The hardships of daily life were compounded by the grief over all those lost in Turkey. During World War I, the Ottoman rulers ordered that the Armenians be cleared away from the regions where battles were being fought with Russia, because they were supposedly collaborating with the Russians. The Ottomans paved the way for the expulsion with a mass arrest of Armenian leaders. Six hundred were killed in one day - April 24, 1915, which has been designated as the anniversary of the Armenian genocide.
The mass expulsion of the Armenians was accompanied by methodical massacres. The authorities gave the exiles no protection and allowed the Kurds, through whose territory their convoys passed, to attack them. The Armenian men who survived were conscripted into labor brigades while their families were imprisoned in concentration camps. The Turkish government denies all this: It says that the Armenians were not murdered in an organized and methodical fashion, but transferred out of war zones for the purpose of resettlement.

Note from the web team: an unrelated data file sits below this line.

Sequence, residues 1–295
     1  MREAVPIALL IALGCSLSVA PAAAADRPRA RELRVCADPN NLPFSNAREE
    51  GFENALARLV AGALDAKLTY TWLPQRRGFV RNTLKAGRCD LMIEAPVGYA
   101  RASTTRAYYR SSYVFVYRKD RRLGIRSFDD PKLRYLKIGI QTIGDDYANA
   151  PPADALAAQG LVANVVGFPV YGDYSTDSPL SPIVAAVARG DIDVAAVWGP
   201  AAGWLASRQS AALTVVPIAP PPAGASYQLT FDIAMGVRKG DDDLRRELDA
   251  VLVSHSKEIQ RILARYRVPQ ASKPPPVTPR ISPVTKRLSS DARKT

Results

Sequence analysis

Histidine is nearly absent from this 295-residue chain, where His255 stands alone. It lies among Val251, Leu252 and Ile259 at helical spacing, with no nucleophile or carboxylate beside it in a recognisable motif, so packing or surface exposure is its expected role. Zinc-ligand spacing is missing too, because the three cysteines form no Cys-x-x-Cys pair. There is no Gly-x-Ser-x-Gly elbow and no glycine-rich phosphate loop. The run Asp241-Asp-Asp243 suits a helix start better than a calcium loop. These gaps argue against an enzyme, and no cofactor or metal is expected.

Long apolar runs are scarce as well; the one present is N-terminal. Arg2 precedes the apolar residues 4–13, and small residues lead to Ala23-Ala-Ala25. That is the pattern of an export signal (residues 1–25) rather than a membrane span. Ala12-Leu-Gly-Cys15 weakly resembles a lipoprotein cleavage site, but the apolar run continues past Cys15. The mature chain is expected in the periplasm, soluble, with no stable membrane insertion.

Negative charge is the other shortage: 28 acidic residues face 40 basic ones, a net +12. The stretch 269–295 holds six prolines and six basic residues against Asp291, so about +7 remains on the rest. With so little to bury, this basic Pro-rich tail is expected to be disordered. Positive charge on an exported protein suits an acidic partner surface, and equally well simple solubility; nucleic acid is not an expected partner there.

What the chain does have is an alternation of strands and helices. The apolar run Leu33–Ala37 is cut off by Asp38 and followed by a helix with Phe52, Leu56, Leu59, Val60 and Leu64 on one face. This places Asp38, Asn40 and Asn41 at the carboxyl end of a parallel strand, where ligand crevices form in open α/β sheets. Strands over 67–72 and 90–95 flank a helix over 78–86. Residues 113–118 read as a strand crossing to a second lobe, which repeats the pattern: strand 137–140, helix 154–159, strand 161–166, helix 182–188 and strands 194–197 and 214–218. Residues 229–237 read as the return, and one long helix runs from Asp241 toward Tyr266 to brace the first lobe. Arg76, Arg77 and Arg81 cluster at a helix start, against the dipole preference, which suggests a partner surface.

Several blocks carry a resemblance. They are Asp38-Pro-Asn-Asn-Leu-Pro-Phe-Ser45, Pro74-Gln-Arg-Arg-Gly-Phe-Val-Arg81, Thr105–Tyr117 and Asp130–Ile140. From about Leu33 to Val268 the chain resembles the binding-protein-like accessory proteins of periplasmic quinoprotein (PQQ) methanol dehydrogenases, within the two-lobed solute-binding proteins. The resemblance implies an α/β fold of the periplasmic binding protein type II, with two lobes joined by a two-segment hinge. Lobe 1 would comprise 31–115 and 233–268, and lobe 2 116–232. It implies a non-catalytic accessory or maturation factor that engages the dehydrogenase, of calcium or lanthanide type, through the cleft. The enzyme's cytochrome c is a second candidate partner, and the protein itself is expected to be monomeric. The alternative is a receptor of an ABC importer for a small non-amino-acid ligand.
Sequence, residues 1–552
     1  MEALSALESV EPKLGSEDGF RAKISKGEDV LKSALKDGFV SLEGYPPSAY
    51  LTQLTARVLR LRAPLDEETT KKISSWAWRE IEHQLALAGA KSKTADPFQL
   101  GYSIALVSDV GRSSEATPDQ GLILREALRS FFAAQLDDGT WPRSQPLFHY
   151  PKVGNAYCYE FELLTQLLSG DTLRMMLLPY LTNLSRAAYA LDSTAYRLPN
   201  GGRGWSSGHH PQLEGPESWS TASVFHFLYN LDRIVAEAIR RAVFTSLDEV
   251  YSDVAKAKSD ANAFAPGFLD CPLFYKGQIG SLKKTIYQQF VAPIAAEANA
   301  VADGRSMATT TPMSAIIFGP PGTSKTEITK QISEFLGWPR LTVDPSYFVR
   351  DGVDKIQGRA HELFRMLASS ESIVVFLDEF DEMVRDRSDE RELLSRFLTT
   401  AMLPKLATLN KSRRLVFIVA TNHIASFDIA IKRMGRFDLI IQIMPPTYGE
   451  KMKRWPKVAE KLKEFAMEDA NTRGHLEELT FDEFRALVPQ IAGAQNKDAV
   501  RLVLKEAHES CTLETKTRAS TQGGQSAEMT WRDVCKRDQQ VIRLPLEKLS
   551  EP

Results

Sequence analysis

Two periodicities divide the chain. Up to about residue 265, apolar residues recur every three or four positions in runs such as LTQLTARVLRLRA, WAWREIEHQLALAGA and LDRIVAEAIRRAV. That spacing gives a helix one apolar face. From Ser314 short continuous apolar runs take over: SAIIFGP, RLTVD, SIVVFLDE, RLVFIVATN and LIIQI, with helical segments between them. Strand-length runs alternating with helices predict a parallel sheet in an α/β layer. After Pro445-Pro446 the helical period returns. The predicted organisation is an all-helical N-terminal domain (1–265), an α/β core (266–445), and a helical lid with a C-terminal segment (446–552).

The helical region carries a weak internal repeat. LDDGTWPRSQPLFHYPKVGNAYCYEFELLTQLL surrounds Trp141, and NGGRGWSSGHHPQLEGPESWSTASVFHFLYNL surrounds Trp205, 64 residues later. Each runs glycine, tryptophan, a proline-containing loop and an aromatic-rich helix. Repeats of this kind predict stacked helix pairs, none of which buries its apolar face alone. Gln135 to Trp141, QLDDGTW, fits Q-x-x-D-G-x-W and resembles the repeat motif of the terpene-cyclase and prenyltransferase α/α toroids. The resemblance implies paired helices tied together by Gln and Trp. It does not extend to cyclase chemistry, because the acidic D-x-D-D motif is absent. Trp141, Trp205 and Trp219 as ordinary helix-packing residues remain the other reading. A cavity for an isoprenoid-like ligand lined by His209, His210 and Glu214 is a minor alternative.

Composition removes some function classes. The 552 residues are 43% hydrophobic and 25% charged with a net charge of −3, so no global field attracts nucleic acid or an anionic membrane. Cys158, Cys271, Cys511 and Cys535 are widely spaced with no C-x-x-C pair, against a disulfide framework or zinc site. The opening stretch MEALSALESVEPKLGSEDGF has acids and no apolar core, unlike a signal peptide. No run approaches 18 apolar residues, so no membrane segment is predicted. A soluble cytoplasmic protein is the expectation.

"My mother talked about it all the time," says Osna Katrian. "She was seven when her family escaped. She told horror stories about a relative whose hands were cut off by the Turks. They put his hand on a plate and told him to eat it."